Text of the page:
Conquering Chronic Sins

My twelve-year-old self had a violent temper. My fuse was short, and my bursts of anger detonated at perceived-insults as unexpectedly as bursts of laughter explode at well-timed jokes. Without the mutually pleasant consequences.

I once chased my older brother Andy around the house with a knife. I don’t remember what he had done (probably something HEINOUS), but I remember him chuckling as he easily evaded my thrusts. His laughter did nothing to calm my storm.

I hated my uncontrollable anger, so I memorized verses about the angry man:

  • A fool gives full vent to his spirit, but a wise man quietly holds it back.
  • Whoever is slow to anger is better than the mighty.
  • But I say to you that everyone who is angry with his brother will be liable to judgment.

Whenever I sensed an outburst begin to rise, I tried to calm myself by repeating those memorized verses. It even worked a few times, but not for long. I soon boiled over again.

When I was thirteen, a friend offered to pray for anything I wanted. I asked him to pray for my anger problem. Six months later, he asked how I was doing, and I realized I hadn’t lost my temper once since he prayed. I hadn’t even had to fight it.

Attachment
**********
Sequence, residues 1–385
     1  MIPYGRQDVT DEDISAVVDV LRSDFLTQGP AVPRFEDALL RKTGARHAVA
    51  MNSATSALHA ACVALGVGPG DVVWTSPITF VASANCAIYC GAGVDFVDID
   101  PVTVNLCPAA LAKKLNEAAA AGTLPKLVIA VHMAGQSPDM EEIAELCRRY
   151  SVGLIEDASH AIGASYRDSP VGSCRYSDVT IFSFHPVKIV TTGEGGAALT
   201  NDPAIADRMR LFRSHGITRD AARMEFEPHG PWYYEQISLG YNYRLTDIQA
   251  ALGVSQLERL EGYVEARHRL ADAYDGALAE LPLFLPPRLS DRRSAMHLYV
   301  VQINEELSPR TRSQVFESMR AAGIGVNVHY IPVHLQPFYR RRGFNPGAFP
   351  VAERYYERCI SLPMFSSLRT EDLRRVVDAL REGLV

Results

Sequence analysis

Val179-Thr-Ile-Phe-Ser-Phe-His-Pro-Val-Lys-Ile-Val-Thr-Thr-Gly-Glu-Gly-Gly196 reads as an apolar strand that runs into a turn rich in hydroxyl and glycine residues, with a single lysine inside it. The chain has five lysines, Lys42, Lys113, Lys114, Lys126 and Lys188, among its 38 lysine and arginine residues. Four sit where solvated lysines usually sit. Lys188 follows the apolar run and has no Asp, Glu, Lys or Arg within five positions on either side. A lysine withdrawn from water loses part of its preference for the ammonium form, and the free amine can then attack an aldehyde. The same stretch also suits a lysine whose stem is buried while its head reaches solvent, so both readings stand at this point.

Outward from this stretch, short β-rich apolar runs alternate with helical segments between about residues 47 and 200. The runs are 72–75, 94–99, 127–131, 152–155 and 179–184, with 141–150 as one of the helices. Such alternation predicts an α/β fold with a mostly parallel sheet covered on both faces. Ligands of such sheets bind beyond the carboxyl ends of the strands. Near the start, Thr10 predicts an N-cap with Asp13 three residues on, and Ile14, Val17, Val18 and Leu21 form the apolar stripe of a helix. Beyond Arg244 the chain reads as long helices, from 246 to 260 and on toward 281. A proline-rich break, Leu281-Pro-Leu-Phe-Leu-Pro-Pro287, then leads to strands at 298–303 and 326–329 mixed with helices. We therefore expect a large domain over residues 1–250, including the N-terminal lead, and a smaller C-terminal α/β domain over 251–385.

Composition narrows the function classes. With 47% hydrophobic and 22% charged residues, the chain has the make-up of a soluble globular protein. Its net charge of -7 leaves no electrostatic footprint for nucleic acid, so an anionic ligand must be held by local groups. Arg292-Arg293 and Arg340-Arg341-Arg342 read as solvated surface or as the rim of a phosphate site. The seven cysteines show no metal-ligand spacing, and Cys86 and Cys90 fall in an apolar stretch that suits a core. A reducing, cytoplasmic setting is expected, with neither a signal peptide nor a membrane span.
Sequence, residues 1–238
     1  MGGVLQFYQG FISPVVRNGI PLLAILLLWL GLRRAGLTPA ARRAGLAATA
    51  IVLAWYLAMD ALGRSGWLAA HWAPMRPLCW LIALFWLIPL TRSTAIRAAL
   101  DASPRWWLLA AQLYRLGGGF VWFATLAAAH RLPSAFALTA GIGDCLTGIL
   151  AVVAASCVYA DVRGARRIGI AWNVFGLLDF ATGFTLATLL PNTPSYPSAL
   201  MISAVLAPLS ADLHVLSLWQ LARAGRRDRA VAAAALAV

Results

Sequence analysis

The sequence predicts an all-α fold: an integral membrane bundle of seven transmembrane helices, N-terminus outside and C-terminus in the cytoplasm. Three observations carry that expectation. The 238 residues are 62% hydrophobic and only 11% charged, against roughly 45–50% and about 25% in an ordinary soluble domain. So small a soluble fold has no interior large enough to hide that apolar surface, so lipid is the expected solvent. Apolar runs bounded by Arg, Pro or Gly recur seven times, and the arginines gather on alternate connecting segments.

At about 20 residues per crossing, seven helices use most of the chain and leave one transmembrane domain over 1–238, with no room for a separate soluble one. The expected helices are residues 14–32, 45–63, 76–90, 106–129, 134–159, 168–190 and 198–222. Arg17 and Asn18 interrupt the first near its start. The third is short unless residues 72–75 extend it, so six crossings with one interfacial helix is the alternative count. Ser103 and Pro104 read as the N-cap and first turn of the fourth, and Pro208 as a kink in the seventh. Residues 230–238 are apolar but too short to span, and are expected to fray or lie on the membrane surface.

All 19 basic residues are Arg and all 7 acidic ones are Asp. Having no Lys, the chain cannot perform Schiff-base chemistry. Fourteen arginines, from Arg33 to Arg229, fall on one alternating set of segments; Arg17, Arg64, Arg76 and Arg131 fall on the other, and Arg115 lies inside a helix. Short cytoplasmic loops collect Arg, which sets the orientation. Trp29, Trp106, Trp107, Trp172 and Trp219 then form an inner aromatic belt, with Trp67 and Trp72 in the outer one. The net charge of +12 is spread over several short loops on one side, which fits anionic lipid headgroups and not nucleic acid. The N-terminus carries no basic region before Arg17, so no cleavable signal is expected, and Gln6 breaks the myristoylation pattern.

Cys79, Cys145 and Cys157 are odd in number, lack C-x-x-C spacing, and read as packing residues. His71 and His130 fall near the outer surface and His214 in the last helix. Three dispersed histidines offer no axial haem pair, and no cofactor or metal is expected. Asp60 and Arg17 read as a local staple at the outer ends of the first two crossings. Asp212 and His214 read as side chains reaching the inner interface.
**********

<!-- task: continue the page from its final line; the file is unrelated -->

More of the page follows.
My explosive temper had been miraculously defused.

Since then, I’ve asked God to take away other bad habits, and he’s never acted again so instantly. He usually works slower, a little less dramatically, and (it seems) less miraculously.

Chronic Sins

When we first become Christians, we think all our problems will disappear. Some do, and some don’t. We still find ourselves anxious, thin-skinned, lustful, self-focused, or critical. But your daily problems and mine are different:

  • Some of us live lives of daily anxiety; others worry once in a blue moon.
  • Some of us constantly embellish stories to spotlight our greatness; others exaggerate our prowess only on leap-years.
  • Some of us fly off the handle at the slightest hint of an insult; others explode only on the fourth of July.